Not that anyone is laughing . . . except for the fossil fuel executives and the politicians in their pockets.

Besides Canada, there may have been some other places you thought you’d end up someday. But if you want to avoid fracking or coal-seam gas mining, it will be pretty tough.

Shale-gas countries currently being fracked or threatened include Ireland, England, Northern Ireland, Scotland, Wales, Australia, New Zealand, Algeria, Argentina, Bolivia, Brazil, Bulgaria (where there’s a fragile ban), Chile, China, Colombia, Denmark, France (where there’s a more solid ban), Germany, India, Libya, Lithuania, Mexico, Morocco, Netherlands, Norway, Pakistan, Paraguay, Poland, Romania, South Africa, Sweden, Tasmania, Tunisia, Turkey, Ukraine, Uruguay, Venezuela and Western Sahara. There are probably others I haven’t yet heard about.

What To Do?

The options are not too many:

  1. You could check into France’s immigration policy toward people from the USA.
  2. You could resign yourself to the inevitability of fracking everywhere you love, and try to learn to live with 24/7 traffic, noise, light, clogged roads, smoggy air, higher crime rates, lower property values, expensive water brought in from who knows where, and a greatly diminished quality of life—at best.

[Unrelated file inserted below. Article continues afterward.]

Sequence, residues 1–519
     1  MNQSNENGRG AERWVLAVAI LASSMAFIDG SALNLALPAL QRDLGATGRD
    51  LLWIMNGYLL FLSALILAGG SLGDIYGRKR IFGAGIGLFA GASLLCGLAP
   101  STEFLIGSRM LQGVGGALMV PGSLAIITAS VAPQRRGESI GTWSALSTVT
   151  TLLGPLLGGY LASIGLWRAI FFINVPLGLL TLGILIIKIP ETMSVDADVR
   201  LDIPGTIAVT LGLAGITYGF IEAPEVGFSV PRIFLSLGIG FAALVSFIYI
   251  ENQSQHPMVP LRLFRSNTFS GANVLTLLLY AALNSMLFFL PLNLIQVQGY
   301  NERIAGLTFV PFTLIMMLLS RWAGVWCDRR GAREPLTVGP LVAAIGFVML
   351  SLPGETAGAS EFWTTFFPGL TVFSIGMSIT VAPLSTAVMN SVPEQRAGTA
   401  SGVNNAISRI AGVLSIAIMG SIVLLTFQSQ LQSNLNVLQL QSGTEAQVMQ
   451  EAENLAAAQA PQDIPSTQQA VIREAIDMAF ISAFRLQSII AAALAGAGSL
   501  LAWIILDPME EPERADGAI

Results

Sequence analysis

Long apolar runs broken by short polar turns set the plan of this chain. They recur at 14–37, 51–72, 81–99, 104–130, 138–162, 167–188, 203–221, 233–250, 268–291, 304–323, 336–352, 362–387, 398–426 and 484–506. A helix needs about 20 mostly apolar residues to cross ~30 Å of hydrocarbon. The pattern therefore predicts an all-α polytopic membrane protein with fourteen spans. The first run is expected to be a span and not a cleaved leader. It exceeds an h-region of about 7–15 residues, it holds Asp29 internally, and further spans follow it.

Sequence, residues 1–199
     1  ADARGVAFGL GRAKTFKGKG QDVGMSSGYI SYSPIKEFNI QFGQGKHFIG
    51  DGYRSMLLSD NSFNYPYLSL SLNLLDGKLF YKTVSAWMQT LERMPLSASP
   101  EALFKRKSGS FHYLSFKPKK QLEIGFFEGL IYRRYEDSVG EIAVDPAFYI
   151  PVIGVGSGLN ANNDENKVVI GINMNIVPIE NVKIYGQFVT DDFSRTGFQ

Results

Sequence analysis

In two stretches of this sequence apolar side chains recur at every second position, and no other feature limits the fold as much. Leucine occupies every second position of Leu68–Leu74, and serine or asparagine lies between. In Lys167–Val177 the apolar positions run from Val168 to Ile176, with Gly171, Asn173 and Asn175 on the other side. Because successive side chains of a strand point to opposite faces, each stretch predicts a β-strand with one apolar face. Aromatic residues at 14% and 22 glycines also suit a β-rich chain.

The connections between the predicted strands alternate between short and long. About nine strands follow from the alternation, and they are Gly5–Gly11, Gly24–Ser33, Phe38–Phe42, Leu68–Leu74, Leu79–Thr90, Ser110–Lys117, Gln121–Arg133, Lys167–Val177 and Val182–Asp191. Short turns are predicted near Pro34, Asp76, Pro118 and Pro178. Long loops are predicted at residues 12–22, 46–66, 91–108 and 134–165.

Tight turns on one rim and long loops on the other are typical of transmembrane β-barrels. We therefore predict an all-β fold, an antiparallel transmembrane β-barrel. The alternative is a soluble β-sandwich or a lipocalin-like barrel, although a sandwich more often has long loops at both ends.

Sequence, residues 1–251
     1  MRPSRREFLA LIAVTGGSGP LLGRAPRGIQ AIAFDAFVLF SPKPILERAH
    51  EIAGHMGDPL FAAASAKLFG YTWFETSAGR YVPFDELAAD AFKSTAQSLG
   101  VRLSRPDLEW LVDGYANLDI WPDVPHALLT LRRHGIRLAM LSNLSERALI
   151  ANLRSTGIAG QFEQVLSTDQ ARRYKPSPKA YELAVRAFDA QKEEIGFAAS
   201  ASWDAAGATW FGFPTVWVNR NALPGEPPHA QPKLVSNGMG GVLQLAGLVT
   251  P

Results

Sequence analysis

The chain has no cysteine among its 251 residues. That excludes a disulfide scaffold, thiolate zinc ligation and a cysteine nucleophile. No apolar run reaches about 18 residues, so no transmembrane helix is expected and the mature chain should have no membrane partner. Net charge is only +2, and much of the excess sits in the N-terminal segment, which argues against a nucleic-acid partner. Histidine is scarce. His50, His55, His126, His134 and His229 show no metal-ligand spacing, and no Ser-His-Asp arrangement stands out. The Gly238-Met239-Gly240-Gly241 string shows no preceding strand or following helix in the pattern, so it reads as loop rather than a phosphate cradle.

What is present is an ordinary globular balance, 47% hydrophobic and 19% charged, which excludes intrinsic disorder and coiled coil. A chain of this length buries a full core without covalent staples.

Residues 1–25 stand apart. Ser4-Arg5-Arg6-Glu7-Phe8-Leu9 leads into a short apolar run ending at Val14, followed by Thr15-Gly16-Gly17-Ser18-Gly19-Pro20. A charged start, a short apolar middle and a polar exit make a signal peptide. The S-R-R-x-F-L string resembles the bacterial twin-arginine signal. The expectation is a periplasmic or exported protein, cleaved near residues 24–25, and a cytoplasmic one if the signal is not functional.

3. Or you can get involved in the antifracking fight. It’s not quite too late. If everyone reading this who has not previously been involved in fighting fracking gets and remains engaged until fracking is outlawed in New York State — we may yet have a sustainable future. As an added bonus, many of the people you’ll meet in this movement will restore or reinforce your faith in humanity and its future. And meeting you will do them wonders, too.

Whatever you do, please don’t thank an antifracktivist unless you’re prepared to join in the effort.

Write info@coalitiontoprotectnewyork.org to be put in touch with the antifracking group in your area. Please do it now. We need your renewing, renewable energy to be part of the fight for our shared positive future.

Lifelong sustainability advocate Maura Stephens lives in Spencer. She was an active early member of Sustainable Tompkins but has been sidetracked these last several years by fighting fracking. She is a cofounder of Coalition to Protect New York, FrackBustersNY, RAFT (Residents Against Fracking Tioga) and SAVE S-VE (Spencer-Van Etten). She has spent the last several years researching, writing, rewriting and rewriting a book titled Frack Attack: Fighting Back.